Creating individual plans to support your Behaviour needs.
Individual plans that help you understand and work through your behaviours.
What is a Behaviour support plan?
At ASR, we understand that the many ways people experience things can offer us insight into how they feel and what they need. Understanding this and being equipped with the right tools and knowledge to support people, is best practice care. Behaviour Support Plans are a powerful tool for this process. A person with a good BSP is a Better Supported Person.
Identify and Assess
Part 2: PLan, implement and evaluate
Frequently asked questions
Many changes in behaviour are a signal that the person is stressed – or that they have an unmet need. It might be be to do with things going on in the environment someone is in, trying to communicate a feeling, or to cope with an unmet need or to respond to something unwelcome. This can be internal (in the mind or body) or external (something about the situation).
Behaviour support starts with knowing the individual. Focusing on understanding the finer details about the person in your care (their likes and dislikes, past experiences and routines) is key to understanding what the person is experiencing or attempting to communicate. This allows us to respond with appropriate care strategies to support them to the best of our ability.
Careful assessment, planning and partnership, enables effective responses to behaviour. The use of your behavioural assessments and tools (such as the BAF and BFC) , as well as partnership with the person in your care, their friends, family and wider care team, allows ongoing care and support to address their needs.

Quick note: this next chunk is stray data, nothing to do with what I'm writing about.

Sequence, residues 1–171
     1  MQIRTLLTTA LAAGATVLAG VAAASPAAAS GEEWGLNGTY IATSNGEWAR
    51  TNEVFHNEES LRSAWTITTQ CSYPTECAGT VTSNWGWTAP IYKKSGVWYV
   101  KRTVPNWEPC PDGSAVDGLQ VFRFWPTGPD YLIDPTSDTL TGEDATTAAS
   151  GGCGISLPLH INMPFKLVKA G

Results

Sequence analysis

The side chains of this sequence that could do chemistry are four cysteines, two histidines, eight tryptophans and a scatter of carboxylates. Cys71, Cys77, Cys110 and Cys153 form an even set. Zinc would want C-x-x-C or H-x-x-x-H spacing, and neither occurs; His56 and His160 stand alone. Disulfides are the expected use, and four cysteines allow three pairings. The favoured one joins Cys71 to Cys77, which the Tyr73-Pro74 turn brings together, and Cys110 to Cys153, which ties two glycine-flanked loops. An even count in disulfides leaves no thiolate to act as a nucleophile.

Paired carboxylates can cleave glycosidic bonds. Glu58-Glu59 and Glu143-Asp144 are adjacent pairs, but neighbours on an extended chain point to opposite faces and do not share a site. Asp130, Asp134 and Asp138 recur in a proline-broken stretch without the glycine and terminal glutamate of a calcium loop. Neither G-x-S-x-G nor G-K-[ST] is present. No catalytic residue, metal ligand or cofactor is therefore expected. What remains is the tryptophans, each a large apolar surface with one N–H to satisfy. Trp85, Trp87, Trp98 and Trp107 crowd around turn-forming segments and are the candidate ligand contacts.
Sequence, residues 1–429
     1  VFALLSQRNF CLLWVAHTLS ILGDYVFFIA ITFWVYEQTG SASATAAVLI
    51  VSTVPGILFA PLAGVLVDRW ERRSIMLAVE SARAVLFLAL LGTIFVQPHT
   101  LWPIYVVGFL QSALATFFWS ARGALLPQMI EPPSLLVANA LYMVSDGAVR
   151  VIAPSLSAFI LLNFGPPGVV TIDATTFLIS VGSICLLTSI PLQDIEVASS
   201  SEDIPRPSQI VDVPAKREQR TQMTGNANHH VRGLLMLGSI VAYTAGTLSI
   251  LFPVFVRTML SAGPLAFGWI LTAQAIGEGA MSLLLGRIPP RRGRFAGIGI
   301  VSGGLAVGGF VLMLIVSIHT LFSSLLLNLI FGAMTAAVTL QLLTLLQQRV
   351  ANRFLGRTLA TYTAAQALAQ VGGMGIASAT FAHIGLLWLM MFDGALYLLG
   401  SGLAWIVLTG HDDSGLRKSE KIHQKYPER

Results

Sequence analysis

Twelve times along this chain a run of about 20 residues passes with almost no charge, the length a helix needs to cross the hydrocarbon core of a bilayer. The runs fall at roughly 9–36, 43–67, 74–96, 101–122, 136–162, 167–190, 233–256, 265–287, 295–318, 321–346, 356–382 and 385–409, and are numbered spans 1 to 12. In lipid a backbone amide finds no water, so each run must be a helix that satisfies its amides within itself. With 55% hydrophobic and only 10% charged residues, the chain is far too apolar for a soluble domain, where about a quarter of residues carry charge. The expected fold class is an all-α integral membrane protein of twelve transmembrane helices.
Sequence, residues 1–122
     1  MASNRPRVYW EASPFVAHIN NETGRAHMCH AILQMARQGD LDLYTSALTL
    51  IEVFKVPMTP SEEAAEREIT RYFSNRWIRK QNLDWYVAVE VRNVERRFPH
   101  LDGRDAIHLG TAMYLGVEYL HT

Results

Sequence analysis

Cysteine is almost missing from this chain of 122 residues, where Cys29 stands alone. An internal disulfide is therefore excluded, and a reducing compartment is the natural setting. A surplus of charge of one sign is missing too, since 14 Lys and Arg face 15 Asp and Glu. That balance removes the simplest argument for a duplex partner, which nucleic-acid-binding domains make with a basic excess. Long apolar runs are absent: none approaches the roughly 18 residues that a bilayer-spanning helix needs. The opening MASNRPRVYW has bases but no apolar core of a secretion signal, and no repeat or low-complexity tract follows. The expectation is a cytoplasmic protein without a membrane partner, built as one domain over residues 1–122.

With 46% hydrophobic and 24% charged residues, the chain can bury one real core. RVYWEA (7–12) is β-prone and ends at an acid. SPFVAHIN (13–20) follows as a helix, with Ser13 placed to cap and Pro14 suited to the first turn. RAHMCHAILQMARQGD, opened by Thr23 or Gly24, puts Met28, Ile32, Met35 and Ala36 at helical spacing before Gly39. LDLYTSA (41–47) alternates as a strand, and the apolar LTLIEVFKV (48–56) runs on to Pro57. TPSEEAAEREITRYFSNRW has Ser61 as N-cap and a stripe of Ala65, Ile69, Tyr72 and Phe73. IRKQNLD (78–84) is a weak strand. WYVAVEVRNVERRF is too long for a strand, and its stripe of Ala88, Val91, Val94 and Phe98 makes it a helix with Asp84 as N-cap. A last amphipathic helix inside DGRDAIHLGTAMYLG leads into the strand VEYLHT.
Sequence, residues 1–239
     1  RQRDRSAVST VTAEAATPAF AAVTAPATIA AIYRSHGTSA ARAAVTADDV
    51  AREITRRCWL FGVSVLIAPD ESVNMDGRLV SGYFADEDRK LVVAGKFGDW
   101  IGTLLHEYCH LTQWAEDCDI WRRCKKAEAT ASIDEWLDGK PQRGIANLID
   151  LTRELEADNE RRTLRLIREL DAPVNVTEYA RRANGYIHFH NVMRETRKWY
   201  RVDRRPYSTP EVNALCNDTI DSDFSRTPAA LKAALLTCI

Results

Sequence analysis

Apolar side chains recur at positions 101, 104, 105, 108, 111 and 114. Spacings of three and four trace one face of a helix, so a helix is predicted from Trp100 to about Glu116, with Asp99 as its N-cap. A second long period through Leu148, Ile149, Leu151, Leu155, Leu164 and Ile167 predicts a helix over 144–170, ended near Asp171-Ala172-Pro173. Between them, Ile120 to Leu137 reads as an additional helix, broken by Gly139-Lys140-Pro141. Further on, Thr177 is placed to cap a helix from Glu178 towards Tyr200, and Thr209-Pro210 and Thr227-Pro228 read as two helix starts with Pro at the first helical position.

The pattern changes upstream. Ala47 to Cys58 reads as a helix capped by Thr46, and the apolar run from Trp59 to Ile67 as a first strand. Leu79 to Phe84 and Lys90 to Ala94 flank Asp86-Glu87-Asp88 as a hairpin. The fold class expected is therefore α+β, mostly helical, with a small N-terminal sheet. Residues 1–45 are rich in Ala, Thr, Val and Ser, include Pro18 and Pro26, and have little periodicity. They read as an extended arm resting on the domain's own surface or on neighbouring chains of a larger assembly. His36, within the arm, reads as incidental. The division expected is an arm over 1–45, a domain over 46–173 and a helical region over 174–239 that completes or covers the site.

Behaviour support is about the processes used to:
- Proactively avoid things that might negatively impact a person and cause changes in their behaviour
- Proactively respond to and care for, a person expressing the need for support through a changed behaviour.
The term ‘changed behaviours’ is descriptive rather than prescriptive. What constitutes changed behaviour, will differ depending on the individual expressing the behaviour. For this reason, identifying ‘changed behaviour’ that need responding to requires a good understanding of the person in your care, and whether the behaviour being experienced is different from what is ‘normal’ behaviour for that person. It is also important to consider whether the behaviour is distressing to that person or to others or to both.
- Identify: The immediate actions to take following identification of a changed behaviour.
- Assess: The assessments and investigation into a changed behaviour that are necessary to identify, eliminate or alter potential cause.
- Plan, Implement, and Evaluate: The process and requirements for developing/ reviewing, implementing and evaluating a Behaviour Support Plan to improve care for a person requiring behaviour support